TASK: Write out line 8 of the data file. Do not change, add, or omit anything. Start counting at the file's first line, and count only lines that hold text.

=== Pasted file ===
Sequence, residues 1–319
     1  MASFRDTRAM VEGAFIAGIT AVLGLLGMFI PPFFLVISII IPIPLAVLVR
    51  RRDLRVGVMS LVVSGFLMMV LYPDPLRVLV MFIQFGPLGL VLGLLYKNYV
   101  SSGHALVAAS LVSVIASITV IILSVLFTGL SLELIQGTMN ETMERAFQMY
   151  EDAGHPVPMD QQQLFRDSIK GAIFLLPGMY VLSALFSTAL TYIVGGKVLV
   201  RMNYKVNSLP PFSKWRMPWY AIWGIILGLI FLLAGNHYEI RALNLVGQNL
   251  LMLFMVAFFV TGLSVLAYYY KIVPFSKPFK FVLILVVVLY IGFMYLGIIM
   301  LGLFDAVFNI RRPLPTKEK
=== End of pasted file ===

   301  LGLFDAVFNI RRPLPTKEK